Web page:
On 13 August, the IPCC stated that Duggan did not open fire: "It seems possible that we may have verbally led journalists to believe that shots were exchanged". The bullet that had lodged in an officer's radio is believed to have been an overpenetration, having passed through Duggan's body. At lunchtime on 6 August, a meeting was called by police between local community leaders and members of police advisory groups. In this meeting, police were warned several times that there could be another riot similar to the Broadwater Farm riot of 1985 if local concerns regarding the death were not addressed. On 8 January 2014, a jury at the Royal Courts of Justice concluded. On Saturday 6 August, a protest was held peacefully, beginning at Broadwater Farm and finishing at Tottenham police station; the protest was organised by relatives of Duggan to demand justice for the family. The group of some 300 people demanded; when Chief Inspector Ade Adelekan arrived, he was met with boos and cries of "murderer", "Uncle Tom" and "coconut".
The crowd stayed in front of the police station hours longer than they planned because they were not satisfied with the seniority of the officers available at the time. Rumours that a 16-year-old girl had sustained injuries after attacking police with a champagne bottle began circulating on social media. To date, the girl remains the report unconfirmed; however the rumour alone was sufficient to further fuel tensions in the area. A peaceful march on Saturday 6 August in Tottenham was followed by rioting and looting, first in Tottenham and in Tottenham Hale Retail Park. Rioting occurred shortly after about 120 people marched from the Broadwater Farm estate to Tottenham Police Station via the High Road; the spread of news and rumours about the previous evening's disturbances in Tottenham sparked riots during the night of Sunday 7 August in the London districts of Brixton, Enfield and Wood Green and
UCL Australia is an international campus of the University College London, located on Victoria Square in Adelaide, South Australia. It has three parts: the School of Energy and Resources, the International Energy Policy Institute and a branch of UCL's Mullard Space Science Laboratory. UCL Australia describes its university community as "welcoming and influential." In December 2008, Professor Michael Worton said of the establishment of UCL Australia that the university was "committed to working to solve real-world problems and we relish the opportunity to work not only with the South Australian Government but with Santos and a range of other Australian and international energy companies through our presence in Adelaide." UCL Australia established key corporate partnerships with two major resource and energy companies operating in South Australia: Santos and BHP Billiton. Santos' South Australian interests include onshore and offshore oil and gas developments while BHP Billiton's interest is concentrated on the expansion of the Olympic Dam mine- the world's largest known deposit of uranium.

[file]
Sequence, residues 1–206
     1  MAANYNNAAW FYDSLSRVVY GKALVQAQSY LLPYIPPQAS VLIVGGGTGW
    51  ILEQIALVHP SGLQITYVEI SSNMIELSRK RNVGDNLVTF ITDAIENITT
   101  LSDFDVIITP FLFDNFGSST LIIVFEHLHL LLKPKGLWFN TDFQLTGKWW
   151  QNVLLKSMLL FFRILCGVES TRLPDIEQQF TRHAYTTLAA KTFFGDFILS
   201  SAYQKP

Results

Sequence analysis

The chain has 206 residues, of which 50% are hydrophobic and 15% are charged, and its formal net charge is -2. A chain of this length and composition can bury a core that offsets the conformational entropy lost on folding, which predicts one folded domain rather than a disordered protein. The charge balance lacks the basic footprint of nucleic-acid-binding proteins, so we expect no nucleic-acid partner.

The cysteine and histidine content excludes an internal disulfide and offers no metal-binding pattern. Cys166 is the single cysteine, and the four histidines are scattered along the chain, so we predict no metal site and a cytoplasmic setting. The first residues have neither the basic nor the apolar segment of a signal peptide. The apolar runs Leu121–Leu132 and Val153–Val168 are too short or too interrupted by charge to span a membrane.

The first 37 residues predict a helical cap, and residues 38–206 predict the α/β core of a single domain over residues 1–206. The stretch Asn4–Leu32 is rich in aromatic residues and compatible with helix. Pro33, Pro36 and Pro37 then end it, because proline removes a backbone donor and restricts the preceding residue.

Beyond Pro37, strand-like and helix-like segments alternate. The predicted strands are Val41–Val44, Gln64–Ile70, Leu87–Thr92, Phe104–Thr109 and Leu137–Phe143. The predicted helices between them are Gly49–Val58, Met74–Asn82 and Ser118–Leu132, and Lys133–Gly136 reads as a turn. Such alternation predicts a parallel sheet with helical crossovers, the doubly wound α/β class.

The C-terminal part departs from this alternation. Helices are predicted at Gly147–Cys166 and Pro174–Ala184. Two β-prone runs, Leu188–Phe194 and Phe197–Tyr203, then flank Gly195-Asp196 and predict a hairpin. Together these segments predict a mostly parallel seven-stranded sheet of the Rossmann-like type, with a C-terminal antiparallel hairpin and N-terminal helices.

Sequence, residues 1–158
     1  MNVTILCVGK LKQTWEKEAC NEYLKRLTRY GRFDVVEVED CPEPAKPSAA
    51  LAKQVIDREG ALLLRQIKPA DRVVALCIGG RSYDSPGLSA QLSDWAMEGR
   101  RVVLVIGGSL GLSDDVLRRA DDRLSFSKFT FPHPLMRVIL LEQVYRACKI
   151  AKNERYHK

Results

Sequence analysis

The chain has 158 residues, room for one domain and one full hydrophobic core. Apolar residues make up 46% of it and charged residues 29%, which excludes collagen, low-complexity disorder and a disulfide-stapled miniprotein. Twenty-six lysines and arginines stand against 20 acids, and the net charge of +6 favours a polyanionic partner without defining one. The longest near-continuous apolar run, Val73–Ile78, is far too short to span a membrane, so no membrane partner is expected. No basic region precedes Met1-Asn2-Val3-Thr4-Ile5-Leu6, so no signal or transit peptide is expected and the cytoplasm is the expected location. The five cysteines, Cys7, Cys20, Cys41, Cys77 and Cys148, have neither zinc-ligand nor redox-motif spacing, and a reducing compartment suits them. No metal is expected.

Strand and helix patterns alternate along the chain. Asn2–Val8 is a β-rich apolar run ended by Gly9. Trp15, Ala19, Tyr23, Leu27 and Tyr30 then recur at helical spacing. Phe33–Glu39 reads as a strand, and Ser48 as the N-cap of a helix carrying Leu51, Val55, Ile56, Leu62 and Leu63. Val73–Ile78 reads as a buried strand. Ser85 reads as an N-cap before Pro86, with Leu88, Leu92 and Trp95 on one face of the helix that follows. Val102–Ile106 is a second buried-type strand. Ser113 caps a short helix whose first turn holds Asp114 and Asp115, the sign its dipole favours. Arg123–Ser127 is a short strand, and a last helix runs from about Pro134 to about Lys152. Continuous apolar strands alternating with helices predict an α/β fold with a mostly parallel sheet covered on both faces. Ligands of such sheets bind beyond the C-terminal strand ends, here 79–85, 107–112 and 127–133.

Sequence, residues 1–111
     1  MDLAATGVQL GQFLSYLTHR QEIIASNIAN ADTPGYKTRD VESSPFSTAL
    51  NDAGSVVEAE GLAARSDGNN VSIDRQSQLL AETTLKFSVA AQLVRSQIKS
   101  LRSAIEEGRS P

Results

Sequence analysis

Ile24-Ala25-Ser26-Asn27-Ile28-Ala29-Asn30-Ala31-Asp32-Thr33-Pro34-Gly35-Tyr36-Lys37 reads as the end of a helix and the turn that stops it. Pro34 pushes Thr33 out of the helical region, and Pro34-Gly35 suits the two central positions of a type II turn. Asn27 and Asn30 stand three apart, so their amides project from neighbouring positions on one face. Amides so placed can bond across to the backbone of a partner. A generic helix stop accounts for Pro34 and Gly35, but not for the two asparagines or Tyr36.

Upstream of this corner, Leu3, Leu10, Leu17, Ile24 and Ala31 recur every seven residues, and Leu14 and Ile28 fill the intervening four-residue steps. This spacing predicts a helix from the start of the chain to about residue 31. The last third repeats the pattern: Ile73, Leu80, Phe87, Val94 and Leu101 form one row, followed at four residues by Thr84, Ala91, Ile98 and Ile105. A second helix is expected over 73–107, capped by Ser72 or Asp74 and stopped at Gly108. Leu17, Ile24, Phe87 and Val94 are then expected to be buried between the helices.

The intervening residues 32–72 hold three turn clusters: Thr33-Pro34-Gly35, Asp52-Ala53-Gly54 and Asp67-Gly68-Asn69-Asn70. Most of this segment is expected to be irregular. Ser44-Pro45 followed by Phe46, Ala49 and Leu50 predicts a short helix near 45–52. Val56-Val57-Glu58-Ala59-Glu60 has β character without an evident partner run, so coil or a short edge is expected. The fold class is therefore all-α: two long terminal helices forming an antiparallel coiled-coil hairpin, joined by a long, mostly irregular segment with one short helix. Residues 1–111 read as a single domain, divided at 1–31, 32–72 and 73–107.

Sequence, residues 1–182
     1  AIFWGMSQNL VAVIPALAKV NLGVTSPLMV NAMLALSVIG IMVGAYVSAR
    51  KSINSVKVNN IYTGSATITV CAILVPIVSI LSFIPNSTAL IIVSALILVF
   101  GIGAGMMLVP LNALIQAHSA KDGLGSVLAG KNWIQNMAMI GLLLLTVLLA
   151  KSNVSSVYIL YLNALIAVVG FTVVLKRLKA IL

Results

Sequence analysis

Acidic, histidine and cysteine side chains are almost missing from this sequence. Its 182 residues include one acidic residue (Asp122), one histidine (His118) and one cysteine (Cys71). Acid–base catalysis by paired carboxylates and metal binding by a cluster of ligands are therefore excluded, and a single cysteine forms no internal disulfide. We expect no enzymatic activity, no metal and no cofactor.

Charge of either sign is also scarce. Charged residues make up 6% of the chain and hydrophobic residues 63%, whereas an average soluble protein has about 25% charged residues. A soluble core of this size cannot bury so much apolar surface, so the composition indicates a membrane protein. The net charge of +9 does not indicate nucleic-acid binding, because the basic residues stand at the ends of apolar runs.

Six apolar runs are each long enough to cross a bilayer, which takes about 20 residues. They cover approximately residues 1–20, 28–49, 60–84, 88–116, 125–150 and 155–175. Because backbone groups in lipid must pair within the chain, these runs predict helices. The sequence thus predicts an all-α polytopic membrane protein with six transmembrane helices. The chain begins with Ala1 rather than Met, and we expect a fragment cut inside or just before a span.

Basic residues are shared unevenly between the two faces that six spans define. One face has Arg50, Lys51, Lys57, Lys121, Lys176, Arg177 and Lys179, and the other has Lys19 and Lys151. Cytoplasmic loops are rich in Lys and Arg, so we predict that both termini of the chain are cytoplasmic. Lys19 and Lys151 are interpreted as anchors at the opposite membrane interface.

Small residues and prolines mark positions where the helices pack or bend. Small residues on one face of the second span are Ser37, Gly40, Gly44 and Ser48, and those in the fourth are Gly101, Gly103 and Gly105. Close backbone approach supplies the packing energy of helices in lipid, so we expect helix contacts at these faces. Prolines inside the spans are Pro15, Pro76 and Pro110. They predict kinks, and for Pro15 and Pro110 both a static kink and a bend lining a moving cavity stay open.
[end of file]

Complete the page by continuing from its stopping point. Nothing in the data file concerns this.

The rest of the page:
Its campus was established in the Torrens Building on Victoria Square, Adelaide after the Government of South Australia committed AUD$4 million to refurbishing the building. The building houses an international campus of Carnegie Mellon University. In 2010, UCL Australia completed its first full academic year. Agreements between the partners were negotiated by Adelaide lawyer and public servant, Pamela Martin. In January 2015, UCL Australia announced that its campus would close within three years but agreed to support enrolled students through their degrees and courses. A $10 million agreement with the Government of South Australia and Santos expires in 2017. In 2012, research undertaken at UCL Australia included efforts to address problems in water processing for coal seam gas, design evaporative cooling systems for buildings using sea water and develop integrated energy systems for sustainable wine production; as of 2015, UCL Australia's research is focused on the following areas: Shale and other unconventional gas The low carbon economy Electricity markets and renewables Adding value to resources Community engagement and governance Environmental and resource monitoring The UCL School of Energy and Resources was established in partnership with the Government of South Australia and oil and gas company, Santos Limited.
It was established in 2009, with its first full academic year commencing in 2010. Its objective was to develop management capability to help the resources and energy sector meet the challenges of energy security and regulation, environmental impact and climate change. In 2015, current research projects undertaken at the School of Energy and Resources include: Reliability and resilience of Smart Grid technologies and architecture Design and optimization of water distribution networks Monitoring of environmental impacts from dredging and port development International regulation of offshore energy exploration and exploitation The School of Energy & Resources has offered incentives for student enrollment awarding 10 Santos scholarships to students wishing to undertake a Masters of Science in Energy and Resources; the scholarships covered full tuition fees and provided each recipient an additional $25,000 annual stipend. In 2016, scholarships were still being offered, with each scholarship "worth" up to $114,500 over two years, comprising full tuition plus a AUD$50,000 tax-free stipend.